All CUPS diagnoses at Mays Cancer Center are reviewed by at least two pathologists. Our team includes pathology doctors who have substantial experience evaluating these uncommon cancers.
Our specialists may recommend any combination of tests in an effort to identify where the cancer originated. Tests can also give doctors important details about a cancer’s makeup (genetic and molecular details). This information helps guide your personalized treatment recommendations.
We may recommend:
- Imaging tests, such as X-rays, CT, PET or MRI scans, use different technologies to show abnormal growths (tumors) or cancer spread.
- Endoscopic tests use sophisticated tools that are guided through the mouth or nose to examine areas inside the body. Endoscopic tools enable doctors to inspect hard-to-reach areas where cancer can hide, areas that imaging tests won’t detect.
- Biopsies analyze a tumor and blood sample in a laboratory. Molecular diagnostic tools can search for more than 600 cancer-causing genes at the same time and help to identify cancer types. Our doctors use the results to determine where the tumor originated from and what treatments could target the specific cancer-causing genes (targets) you have.
In some cases, our doctors may identify where CUPS developed. If that happens, we refer you to cancer doctors on our team who specialize in treating cancers similar to the one affecting you.
Learn more about diagnosing cancer.
Treatment for cancer of unknown primary is highly individualized. When cancer’s site of origin (starting point) remains unknown, you still have options.
We personalize your treatment plan using all the cancer therapies at our disposal, many which are among the latest available. Your treatment plan may also include:
- Chemotherapy: Chemotherapy is usually the primary treatment for CUPS. We use research-based cancer-destroying drugs and protocols that doctors have used to treat CUPS for decades.
- Targeted therapy: We may recommend other cancer drugs, such as targeted therapies, that deactivate specific molecules inside cancer cells to stop them from spreading.
- Radiation therapy: Less often, we may recommend radiation therapies, which use high-energy beams to destroy cancer cells. Our radiation oncologists use powerful machines and high-tech computer tools that destroy cancer cells while protecting healthy tissues nearby.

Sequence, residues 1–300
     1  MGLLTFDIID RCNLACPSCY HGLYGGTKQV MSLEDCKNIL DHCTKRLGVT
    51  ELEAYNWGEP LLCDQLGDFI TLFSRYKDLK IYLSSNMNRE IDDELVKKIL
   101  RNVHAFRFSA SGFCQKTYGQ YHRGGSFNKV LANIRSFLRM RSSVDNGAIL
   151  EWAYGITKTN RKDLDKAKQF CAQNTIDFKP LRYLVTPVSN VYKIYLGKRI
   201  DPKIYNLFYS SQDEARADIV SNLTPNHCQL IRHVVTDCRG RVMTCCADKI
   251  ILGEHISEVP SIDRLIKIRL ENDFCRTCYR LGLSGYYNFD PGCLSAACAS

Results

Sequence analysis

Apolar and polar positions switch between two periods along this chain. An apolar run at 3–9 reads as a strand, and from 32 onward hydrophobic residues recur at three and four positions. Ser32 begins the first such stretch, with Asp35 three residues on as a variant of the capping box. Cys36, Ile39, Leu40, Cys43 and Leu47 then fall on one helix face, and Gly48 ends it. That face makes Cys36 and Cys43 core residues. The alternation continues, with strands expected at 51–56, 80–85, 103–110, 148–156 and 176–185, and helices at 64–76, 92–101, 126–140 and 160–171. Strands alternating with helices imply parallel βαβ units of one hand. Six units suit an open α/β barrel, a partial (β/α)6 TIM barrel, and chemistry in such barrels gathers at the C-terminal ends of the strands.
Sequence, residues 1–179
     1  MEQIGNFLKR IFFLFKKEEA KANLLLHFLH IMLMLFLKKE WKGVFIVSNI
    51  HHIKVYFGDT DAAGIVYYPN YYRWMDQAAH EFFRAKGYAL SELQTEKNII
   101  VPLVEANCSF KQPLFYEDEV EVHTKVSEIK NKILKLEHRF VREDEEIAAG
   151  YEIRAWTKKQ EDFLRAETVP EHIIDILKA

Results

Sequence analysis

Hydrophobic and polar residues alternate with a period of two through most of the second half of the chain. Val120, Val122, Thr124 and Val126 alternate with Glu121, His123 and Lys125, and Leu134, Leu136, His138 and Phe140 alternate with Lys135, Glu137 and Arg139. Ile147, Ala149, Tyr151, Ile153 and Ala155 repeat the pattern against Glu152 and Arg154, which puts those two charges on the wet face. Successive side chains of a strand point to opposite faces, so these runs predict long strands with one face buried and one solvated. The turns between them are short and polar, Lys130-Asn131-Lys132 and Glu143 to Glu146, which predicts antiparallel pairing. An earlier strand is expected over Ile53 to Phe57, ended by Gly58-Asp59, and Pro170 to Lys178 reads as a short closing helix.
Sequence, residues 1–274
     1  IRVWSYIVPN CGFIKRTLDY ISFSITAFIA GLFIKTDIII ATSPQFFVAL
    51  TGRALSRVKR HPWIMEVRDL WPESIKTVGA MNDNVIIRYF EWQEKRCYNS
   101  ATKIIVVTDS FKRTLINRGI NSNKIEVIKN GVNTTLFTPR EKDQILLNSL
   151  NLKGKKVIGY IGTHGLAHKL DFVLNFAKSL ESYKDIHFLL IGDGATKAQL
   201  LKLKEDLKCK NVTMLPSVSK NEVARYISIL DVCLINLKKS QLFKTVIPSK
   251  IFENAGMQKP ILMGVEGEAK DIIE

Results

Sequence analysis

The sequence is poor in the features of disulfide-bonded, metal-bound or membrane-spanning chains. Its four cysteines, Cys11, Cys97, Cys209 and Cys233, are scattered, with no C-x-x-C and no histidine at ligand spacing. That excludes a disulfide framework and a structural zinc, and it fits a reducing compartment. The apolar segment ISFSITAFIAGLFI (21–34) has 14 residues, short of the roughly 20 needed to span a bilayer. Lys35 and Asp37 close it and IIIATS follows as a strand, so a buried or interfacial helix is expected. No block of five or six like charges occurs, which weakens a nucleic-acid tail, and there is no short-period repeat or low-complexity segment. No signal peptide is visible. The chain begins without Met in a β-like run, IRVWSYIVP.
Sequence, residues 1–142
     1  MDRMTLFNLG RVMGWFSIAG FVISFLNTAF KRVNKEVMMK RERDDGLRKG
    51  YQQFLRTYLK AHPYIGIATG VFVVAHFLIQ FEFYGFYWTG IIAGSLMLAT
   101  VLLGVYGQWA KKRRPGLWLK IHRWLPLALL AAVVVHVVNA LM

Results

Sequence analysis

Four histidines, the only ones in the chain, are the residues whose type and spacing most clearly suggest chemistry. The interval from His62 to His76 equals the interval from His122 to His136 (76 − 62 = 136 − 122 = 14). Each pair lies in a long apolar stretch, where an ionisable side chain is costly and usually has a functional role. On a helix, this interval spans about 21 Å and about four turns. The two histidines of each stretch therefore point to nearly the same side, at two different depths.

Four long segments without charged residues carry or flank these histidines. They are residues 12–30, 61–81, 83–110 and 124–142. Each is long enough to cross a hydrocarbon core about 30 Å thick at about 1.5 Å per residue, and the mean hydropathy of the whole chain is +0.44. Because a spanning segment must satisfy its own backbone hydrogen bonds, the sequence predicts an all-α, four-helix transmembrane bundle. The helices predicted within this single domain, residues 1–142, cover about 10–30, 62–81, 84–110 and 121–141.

- Surgery: Surgery is less effective for metastatic cancers (that affect multiple areas of the body). We may consider surgery to remove a tumor if your test results show little or no cancer spread.
- Clinical trials: Your treatment options may include new cancer drugs, if you are eligible. Researchers are actively exploring new targeted therapy and immunotherapy in ongoing clinical trials. Your care team will explain how available clinical trials may enhance your treatment.
Find out more about cancer treatments.
Research and clinical trials
Clinical trials help researchers evaluate new therapies before making them available to the public. We have a team focused on uncovering new ways to treat rare cancers.
Our extensive research capabilities expand your treatment options. You may be eligible to try new cancer drugs offered through clinical trials only available at top institutions nationwide.
Read more about cancer research and clinical trials.
Make an appointment
Take the first step by visiting our cancer experts for testing, a second opinion or to learn about treatment options.
View cancer of unknown primary site clinical trial opportunities
As the only National Cancer Institute (NCI)-designated cancer center in Central and South Texas, we offer you access to some of the nation’s newest cancer advances.
Scientists in our laboratories explore novel treatments for rare cancers. Your doctor will explain how clinical trial treatments that you are eligible for may fit into any phase of your care.
Meet our team
Our team includes cancer experts from different medical specialties who share a commitment to delivering precise, personalized care.